Maersk and Stiesdal Offshore partner to offer solutions for floating foundations for offshore wind turbines

Tetra floating foundation being towed (Stiesdal Offshore)

Maersk and Stiesdal Offshore partner to offer solutions for floating foundations for offshore wind turbines.

Maersk Supply Service is an arm of Maersk, the world’s second-largest shipping company. The deal with Stiesdal Offshore will join their joint expertise to supply integrated engineering, procurement, construction, and installations (EPCI) solutions for floating offshore wind projects on foundations and moorings.

Until 2021, Maersk was the largest shipping container company in the world before being overtaken by MSC. The shift was partly a result of Maersk changing strategy.

Maersk is moving away from an exclusive focus on cargo container shipment, instead aiming to provide integrated and complete supply-chain solutions and pursuing new business.

Maersk Supply Service is an example of this strategy. Created 50 years ago, it supplies maritime services to the energy sector. Starting in oil & gas sector, it has branched out to cater to offshore wind, ocean cleaning, and decommissioning. Its focus is to provide turn-key contracts.

Stiesdal’s path mirrors this strategy. The company was one of the pioneers in wind power in the 1970s. Today, Stiesdal dubs itself a climatic company while diversifying into hydrogen, energy storage, and carbon capture, in addition to its main arm, Stiesdal Offshore.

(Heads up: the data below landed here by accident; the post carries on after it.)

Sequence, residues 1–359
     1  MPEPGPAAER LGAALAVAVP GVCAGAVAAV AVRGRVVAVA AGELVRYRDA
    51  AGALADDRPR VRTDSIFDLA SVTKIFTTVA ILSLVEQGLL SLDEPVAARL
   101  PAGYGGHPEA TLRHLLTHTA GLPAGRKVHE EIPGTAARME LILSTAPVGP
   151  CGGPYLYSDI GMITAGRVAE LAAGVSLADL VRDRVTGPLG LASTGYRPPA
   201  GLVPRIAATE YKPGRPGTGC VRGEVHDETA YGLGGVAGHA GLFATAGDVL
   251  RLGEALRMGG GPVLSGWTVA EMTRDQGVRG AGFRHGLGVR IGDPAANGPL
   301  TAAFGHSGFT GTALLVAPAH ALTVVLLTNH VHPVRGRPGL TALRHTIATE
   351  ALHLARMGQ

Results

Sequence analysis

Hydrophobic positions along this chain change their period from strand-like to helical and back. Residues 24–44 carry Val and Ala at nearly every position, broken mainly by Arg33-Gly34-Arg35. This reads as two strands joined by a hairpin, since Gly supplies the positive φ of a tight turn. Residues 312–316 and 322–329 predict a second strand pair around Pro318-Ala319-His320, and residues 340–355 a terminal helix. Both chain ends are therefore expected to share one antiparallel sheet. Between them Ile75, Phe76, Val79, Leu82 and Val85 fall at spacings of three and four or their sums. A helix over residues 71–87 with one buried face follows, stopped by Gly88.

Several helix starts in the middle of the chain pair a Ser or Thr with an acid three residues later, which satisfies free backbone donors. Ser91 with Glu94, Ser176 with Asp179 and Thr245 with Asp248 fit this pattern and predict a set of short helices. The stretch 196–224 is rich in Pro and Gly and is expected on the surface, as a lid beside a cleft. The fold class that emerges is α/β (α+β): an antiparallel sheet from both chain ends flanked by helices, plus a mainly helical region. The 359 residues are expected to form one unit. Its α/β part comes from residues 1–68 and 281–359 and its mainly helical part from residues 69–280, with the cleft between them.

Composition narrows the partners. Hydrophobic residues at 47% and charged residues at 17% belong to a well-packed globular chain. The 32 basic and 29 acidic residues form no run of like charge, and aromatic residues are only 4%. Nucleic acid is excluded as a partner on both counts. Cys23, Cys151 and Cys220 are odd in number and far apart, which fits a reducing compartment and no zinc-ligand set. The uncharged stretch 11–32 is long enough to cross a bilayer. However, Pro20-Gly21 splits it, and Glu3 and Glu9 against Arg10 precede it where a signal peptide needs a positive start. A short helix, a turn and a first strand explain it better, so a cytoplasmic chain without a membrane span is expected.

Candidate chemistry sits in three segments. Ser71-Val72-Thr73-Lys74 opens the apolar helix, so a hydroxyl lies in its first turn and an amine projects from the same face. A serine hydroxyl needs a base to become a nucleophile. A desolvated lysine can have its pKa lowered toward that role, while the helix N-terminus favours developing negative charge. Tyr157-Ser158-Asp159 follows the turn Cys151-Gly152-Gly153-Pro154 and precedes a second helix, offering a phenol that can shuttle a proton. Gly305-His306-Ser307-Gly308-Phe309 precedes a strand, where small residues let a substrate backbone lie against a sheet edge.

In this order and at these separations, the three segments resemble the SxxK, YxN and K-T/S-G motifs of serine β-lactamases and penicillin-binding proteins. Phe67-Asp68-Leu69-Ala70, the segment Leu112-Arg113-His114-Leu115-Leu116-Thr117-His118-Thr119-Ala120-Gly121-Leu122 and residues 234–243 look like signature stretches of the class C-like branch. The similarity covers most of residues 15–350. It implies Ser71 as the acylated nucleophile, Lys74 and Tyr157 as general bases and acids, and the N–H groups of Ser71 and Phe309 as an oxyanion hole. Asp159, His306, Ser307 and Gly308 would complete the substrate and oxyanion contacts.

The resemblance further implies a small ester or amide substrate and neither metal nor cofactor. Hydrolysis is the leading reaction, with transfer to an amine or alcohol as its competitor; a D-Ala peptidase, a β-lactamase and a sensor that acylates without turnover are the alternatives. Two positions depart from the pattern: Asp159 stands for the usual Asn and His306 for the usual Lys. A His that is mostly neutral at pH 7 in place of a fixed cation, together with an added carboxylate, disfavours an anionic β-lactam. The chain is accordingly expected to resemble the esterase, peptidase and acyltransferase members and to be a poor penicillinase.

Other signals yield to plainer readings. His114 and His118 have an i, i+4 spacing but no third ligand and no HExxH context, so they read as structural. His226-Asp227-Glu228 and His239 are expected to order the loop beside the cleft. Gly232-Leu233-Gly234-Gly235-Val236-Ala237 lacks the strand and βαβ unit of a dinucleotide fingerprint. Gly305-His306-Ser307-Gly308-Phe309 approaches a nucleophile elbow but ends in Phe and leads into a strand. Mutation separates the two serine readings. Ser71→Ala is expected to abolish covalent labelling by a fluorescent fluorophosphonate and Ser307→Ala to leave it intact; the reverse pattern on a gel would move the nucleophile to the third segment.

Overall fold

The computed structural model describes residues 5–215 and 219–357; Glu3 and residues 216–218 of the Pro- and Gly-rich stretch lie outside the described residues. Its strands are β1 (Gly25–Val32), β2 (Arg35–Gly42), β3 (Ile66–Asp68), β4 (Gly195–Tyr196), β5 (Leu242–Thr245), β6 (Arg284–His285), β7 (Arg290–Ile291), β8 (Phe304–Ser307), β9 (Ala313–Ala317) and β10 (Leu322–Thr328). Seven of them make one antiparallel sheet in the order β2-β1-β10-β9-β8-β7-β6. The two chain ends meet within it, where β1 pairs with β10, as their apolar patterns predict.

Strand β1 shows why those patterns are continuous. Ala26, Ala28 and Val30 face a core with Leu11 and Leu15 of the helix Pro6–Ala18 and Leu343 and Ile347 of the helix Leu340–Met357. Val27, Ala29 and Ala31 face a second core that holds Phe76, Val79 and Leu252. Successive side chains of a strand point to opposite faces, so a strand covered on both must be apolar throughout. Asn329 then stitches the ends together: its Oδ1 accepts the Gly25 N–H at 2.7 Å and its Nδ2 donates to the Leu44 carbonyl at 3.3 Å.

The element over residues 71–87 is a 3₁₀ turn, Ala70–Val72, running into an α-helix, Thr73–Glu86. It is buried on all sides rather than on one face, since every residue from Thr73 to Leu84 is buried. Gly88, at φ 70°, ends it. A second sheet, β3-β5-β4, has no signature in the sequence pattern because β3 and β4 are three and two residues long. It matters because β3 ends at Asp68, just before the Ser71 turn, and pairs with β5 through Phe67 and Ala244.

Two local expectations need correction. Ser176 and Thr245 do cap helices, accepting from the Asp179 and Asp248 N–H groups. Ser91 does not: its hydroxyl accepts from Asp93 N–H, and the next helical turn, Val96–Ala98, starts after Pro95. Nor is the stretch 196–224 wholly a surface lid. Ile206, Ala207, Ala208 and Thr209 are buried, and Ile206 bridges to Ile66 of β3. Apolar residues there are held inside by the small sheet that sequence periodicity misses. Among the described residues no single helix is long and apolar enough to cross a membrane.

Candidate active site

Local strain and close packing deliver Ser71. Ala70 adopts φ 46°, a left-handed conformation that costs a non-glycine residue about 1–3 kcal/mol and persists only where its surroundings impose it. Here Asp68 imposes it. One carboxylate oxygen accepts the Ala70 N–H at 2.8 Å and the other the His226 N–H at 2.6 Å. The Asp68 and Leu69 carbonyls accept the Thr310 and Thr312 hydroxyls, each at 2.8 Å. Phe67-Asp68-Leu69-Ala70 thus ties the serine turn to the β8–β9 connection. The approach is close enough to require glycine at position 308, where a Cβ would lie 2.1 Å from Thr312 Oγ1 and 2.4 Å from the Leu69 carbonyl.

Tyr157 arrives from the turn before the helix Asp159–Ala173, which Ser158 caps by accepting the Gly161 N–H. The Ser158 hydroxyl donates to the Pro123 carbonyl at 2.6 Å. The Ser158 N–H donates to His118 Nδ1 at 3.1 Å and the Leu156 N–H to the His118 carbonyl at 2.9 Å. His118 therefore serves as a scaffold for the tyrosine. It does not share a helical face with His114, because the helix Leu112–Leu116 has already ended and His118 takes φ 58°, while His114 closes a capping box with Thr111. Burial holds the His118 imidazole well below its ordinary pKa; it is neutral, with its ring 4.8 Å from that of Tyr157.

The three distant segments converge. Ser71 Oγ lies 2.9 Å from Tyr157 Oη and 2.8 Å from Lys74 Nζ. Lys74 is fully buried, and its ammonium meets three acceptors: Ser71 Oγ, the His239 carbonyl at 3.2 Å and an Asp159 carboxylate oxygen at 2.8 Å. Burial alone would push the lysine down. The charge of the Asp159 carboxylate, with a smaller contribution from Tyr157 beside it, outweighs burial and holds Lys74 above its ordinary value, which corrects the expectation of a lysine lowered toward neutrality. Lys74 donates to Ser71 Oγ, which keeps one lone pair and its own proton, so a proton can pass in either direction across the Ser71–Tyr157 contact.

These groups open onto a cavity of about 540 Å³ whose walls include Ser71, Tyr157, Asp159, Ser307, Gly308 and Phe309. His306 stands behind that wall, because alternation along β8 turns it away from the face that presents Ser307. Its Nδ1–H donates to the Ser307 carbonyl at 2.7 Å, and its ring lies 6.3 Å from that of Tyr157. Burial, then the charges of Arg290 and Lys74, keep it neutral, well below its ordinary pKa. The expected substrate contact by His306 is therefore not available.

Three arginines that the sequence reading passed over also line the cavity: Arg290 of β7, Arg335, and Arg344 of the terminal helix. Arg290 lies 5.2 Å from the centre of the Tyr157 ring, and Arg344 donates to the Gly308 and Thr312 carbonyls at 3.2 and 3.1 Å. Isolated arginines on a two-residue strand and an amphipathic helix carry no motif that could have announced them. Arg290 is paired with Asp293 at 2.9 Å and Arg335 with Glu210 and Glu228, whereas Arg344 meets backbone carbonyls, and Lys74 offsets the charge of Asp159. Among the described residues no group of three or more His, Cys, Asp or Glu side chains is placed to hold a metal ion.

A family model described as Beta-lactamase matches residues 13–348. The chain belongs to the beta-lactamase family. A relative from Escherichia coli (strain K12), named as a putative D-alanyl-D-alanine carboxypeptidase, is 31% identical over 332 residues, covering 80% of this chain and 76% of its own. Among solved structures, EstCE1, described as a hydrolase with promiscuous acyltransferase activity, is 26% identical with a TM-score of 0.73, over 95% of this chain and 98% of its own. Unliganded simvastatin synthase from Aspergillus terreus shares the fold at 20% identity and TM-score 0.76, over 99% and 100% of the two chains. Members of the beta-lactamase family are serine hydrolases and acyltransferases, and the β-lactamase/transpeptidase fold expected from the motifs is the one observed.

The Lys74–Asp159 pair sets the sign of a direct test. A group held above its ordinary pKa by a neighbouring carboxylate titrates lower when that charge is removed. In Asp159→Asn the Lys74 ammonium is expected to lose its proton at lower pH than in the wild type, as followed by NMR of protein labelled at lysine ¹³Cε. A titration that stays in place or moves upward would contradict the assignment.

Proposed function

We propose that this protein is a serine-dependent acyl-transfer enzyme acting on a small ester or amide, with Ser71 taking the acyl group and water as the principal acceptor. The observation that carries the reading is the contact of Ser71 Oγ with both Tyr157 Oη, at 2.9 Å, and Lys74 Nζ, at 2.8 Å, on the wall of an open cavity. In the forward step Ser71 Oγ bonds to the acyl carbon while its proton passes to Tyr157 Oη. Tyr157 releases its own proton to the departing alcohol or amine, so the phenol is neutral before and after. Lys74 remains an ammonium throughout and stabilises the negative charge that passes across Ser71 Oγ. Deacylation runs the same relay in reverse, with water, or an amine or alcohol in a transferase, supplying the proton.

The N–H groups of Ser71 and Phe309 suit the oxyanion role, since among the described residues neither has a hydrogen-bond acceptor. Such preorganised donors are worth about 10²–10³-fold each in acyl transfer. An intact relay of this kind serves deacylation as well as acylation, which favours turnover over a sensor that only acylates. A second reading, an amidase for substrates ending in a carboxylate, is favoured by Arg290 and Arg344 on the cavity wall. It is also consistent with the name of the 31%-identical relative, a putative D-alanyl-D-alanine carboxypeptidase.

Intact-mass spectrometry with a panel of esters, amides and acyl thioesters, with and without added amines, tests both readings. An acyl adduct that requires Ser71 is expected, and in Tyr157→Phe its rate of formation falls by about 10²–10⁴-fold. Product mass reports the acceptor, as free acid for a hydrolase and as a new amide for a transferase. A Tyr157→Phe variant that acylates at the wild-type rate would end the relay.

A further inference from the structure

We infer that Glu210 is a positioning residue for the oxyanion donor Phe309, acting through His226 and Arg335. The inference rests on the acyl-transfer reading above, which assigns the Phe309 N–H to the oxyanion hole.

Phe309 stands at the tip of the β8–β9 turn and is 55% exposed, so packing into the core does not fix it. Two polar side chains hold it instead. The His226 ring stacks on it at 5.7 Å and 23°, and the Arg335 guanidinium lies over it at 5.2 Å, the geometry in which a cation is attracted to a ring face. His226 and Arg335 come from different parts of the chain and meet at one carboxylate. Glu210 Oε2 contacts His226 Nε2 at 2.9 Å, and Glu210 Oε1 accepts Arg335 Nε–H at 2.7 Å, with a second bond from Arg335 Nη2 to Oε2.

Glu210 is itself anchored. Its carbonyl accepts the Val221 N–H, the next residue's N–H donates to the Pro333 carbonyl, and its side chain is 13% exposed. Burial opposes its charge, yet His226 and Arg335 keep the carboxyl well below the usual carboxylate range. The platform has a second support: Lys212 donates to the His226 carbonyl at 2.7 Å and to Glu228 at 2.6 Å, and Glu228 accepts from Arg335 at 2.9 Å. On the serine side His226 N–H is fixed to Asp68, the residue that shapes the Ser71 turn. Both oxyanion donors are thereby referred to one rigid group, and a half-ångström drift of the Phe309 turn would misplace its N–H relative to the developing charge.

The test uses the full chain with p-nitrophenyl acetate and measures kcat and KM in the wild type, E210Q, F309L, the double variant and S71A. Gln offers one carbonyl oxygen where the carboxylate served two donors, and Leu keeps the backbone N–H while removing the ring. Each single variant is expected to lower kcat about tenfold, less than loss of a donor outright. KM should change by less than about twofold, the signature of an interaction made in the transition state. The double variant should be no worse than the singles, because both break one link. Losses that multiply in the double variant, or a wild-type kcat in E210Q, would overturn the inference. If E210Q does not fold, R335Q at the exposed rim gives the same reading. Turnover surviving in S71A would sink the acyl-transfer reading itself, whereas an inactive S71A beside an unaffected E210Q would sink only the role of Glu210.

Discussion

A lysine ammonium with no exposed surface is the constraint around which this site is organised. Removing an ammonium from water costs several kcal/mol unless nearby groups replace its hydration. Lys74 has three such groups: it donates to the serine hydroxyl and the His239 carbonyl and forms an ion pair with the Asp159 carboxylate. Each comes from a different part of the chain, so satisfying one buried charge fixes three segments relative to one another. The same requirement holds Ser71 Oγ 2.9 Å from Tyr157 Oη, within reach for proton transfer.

In the partnership, Maersk Supply Service will be the main contractor who will subcontract Stiesdal Offshore. The deal comes in the wake of the 2021 demonstration of the Stiesdal Offshore Tetra concept, a prefab floating wind turbine foundation solution.

According to Stiesdal, Tetra is the first fully industrialized offshore wind foundation. It assembles prefab modules, allowing for faster completion. Its stated advantages:

To sum up, Stiesdal Offshore provides the tetra foundations and the related design and operation knowledge. Maersk Supply Service will provide the clients, and manage, install, and maintain wind turbines.

On a broader scope, Stiesdal’s with Maersk Supply Service may be a way to access capital to focus on the new business. The deal permits Stiesdal to lean on the larger Maersk Supply Service to find clients for its tetra foundations.

It frees managing resources to focus on expanding the new ventures: energy storage, hydrogen production, and carbon capture to produce fuel. In the future, if the new areas are successful, Stiesdal could sell integrated solutions, coupling energy generation with different energy storage and fuel production alternatives.

The merger of Tesla with Solarcity may bear some parallels. Notwithstanding the financial pressures on SolarCity as a driver for its merger with Tesla, the importance of V2X to the energy transition opens opportunities to car companies.

A car battery can be a house battery, and either can help the grid. Regardless if it’s installed on a wall or rests in a garage inside a car. A battery-producing car company can be akin to an energy utility.

Tesla’s launch of virtual powerplants in Australia and California opens a revenue source. The fact that Tesla sells essentially the same batteries for homes or cars gives Tesla two different access points to the virtual plant market.

Likewise, by leveraging its existing expertise in offshore wind power, Stiesdal may, in the future, expand its offer to storage and fuel generation for heavy transport in a fine-tuned integrated system.

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Architect with scholarly background. Writing on the intersection of Buildings, Energy & Environment with People. Top writer in Energy. @miguel_pacheco@masto.pt

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Miguel Pacheco

Architect with scholarly background. Writing on the intersection of Buildings, Energy & Environment with People. Top writer in Energy. @miguel_pacheco@masto.pt